bigskinnyboy / tags / typography

Tagged with “typography” (9)

  1. Simon Pascal Klein — Setting standards-​​friendly web type

    Web typog ra phy has in the past two years seen a resur gence in inter est and many would agree only rightly so, with most of the con tent on the web still tex tual. However the range of tech ni cal options avail able for set ting type on the web is quite broad—not to men tion the range of styl is tic choices available—and often con fus ing. This ses sion aims to demys tify the cur rent tech niques avail able to set type on the web by com par­ing and con trast ing the var i ous options at hand while offer ing a set of good defaults and safe advice for not only mak ing it acces si ble but also plea sur able to read.

    —Huffduffed by bigskinnyboy

  2. The Power and Beauty of Typography

    Web typography has come a long way, but how do you find inspiration to push your designs forward online? Letters can say far more than the words they spell.

    In her session, Samantha will look at the lettering surrounding us everyday, tapping into the way it makes us feel. If you don’t already get emotional about which font to use, you will, looking at letters in a whole new way and learning how to translate those feelings into your web designs.

    http://2010.dconstruct.org/speakers/samantha-warren

    Samantha Warren loves big concepts as much as she loves badass typography and thrives on telling interesting stories through usable interfaces. She has written articles for .net Magazine, regularly speaks at industry events and is on the Board of the Art Directors Club of Washington DC. When she is not doing any of the above you can find her enthusiastically teaching typography and web design at the Center for Digital Imaging Arts at Boston University.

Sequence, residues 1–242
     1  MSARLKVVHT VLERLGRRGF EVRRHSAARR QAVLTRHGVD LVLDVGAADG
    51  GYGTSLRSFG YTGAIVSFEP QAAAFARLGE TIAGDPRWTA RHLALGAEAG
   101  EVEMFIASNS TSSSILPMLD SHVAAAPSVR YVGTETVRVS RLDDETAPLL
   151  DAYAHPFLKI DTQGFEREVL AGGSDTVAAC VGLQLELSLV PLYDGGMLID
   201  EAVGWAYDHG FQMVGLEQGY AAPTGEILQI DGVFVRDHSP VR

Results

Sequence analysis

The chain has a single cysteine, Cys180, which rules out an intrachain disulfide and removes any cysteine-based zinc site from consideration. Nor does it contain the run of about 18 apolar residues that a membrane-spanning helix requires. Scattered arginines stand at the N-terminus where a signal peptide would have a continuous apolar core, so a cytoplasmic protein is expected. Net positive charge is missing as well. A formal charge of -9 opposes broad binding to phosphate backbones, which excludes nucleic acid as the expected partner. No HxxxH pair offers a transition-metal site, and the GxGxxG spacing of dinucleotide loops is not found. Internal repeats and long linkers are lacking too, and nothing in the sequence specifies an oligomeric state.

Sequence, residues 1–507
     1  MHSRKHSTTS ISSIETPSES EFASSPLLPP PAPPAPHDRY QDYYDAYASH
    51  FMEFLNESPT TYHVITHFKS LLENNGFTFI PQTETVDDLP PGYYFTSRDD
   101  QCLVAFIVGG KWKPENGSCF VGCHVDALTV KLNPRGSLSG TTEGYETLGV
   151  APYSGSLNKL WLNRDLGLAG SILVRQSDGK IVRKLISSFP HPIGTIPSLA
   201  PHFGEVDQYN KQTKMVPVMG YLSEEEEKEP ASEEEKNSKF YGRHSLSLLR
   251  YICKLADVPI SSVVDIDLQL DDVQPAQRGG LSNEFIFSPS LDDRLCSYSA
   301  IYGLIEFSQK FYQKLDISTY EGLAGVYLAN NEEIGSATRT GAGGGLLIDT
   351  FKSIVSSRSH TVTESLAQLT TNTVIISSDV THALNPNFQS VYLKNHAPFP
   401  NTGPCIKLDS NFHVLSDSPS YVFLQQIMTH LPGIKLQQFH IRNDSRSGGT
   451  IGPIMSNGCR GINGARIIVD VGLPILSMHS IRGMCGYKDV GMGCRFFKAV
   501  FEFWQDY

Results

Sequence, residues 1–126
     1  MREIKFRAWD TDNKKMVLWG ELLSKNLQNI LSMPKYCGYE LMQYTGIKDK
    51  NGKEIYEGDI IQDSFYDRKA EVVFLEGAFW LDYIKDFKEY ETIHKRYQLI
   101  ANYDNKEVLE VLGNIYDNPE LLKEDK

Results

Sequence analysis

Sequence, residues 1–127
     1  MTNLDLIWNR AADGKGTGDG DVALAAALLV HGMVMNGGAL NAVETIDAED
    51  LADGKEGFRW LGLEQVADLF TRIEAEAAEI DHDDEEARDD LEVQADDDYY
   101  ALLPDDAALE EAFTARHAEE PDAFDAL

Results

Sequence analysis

—Huffduffed by bigskinnyboy

  3. Mark Boulton — Designing grid systems

    Grid sys tems have been used in print design, archi tec ture and inte rior design for gen­er a tions. Now, on the web, the same rules of grid sys tem com po si tion and usage no longer apply. Content is viewed in many ways; from RSS feeds to email. Content is viewed on many devices; from mobile phones to lap tops. Users can manip u late the browser, they can remove con tent, resize the can vas, resize the type faces. A designer is no longer in con trol of this pre sen ta tion. So where do grid sys tems fit in to all that?

    http://www.webdirections.org/resources/mark-boulton-designing-grid-systems/

    —Huffduffed by bigskinnyboy

  4. 80% Science, 20% Art

    Web typography is a toddler in the big bad world of competing displays, browsers and operating systems. Jon takes it by the hand, and discusses the science that comes before the art.

    It’ll be a celebration with lots of opportunity for questions and discourse. From exploring how fonts are rendered, to a quick refresher on typesetting and with a little history thrown in for good measure, it’s time to get your glyph on!

    —Huffduffed by bigskinnyboy

  5. Facing up to Fonts

    Browser support for the typographical aspects of CSS is gradually increasing. Things are on the up.

    Richard will be trouncing the myth of web-safe fonts, demonstrating how to go beyond bold, detailing the technicalities of font embedding and exploring the commercial and ethical minefield therein.

    The introduction of font embedding in particular is a long-awaited step in the right direction. However it brings with it a host of complications; technical, ethical and aesthetic.

    This session will explain all.

    —Huffduffed by bigskinnyboy

  6. Please Explain: Typography

    Our latest Please Explain is all about typefaces and typography. Typeface designer Jonathan Hoefler, type designer and president of Hoefler & Frere-Jones and Steven Heller, co-chair of the MFA Designer as Author program at the School of Visual Arts and author of the VISUALS column for the New York Times Book Review, will explain how typefaces are created and why typography is important to communication and design.

    —Huffduffed by bigskinnyboy